Process Junkie: Scripting Part 2
Yes! Exciting post today! And our FIRST behind the paywall (which you’re gonna hit in a minute if you haven’t subscribed to a paid tier).
Yes, yes it is.
So I’ve been working on this one for a little while - and thanks to the generosity of some of comics best writers it’s turned into such a cool little post.
One of the big things that slowed me down when I was a young writer, was trying to figure out how the hell to format things. How to do it right and not look like a dum-dum…or just plain unprofessional. But back when I was a kid first figuring this stuff out, the Internet wasn’t really A THING. At least not like it is now (yes, I am old, let’s move on!)
In fact, when trying to figure out how to write scripts I finally had to get my hands on a “Hollywood Memorabilia” mail order catalog and ORDER a script THROUGH THE MAIL.
How did we ever survive?
Anyway, even though I eventually got my hands on that TV show script and it helped a lot, finding a comic book script was basically impossible for a cautious nobody like me.
And honestly? That hasn’t changed AS MUCH as you’d think. Because while I assume with the vastness of the Internet that there are a lot more comic book scripts out there - it’s still one of the most frequent questions I get from readers. So I’m going to do the best thing I know how to do for you guys, and that’s show you some samples of other writers scripts along with my own.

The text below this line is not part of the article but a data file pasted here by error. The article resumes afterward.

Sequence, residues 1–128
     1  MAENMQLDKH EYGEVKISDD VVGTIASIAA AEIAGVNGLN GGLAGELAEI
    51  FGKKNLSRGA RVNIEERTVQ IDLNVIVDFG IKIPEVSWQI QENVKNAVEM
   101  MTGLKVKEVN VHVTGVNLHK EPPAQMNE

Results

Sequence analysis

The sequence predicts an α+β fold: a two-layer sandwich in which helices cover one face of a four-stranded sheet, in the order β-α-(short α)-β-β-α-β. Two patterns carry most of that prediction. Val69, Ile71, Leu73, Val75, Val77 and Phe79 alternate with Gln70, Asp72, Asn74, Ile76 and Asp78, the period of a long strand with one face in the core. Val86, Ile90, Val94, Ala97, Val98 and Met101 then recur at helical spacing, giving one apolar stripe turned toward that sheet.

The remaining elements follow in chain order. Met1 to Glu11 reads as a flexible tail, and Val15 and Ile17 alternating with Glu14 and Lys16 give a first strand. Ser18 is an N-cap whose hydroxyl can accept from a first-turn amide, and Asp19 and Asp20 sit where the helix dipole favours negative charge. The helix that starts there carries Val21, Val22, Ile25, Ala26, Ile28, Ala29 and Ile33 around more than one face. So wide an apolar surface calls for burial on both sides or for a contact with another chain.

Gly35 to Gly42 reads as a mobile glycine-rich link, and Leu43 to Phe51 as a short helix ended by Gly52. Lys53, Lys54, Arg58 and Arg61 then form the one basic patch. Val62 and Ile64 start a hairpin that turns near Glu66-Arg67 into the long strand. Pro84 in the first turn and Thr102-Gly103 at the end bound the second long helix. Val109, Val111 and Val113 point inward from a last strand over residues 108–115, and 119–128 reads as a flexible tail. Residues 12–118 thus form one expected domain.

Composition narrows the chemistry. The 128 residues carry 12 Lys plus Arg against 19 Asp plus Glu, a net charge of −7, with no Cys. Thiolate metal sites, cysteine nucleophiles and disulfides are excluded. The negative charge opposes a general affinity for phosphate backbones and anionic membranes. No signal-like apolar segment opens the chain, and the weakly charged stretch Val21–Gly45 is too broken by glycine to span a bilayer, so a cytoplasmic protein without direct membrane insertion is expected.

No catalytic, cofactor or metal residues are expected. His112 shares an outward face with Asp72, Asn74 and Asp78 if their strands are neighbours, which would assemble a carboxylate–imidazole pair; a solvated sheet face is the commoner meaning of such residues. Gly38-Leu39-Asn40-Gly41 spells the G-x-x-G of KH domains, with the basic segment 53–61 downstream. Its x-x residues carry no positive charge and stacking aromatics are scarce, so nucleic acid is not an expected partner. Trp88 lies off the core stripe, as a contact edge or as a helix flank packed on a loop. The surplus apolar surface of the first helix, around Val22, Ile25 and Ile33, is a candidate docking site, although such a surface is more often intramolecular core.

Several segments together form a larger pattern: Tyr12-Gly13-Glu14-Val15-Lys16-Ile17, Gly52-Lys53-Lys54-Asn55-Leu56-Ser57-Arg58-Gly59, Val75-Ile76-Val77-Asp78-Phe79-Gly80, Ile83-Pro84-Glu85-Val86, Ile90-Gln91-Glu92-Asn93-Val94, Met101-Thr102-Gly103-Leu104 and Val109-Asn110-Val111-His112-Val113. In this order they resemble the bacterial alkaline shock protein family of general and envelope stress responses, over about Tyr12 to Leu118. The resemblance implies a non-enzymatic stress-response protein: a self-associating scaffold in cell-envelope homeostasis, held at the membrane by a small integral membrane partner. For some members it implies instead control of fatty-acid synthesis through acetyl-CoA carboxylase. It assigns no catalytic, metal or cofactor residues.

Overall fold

In Film & Television scripts have VERY clear rules. There’s a way to make your scripts look professional and read correctly and then there’s almost all the other ways, which, unless you’re already a name (that can break the rules whenever you want) it’s a quick ticket to looking like a rank amateur.
But comic book scripts, while they certainly have guidelines, there is very little “this is right” and “this is wrong.” Sure some script formats are better than others. Some are easier to read and/or prettier than others. And while we all have our favorite and less favorite things we do and don’t do, the truth is you’re still allowed the flexibility to make it your own, without being marked as unprofessional.
One of the coolest things - well after I had broken into comics - was getting to see other big time professional writer’s scripts - to see what they were doing the same as I was and what they were doing differently. It was both educational and super fun. I didn’t ever embrace someone else’s script formatting wholesale (I use mine for a reason - I like it!) but like other writers I know, I definitely borrowed cool things I found in other writer’s scripts and other times took things and changed them slightly to make them my own. And I thought…with the help of some awesome colleagues that I’d like to give you all a taste of that experience.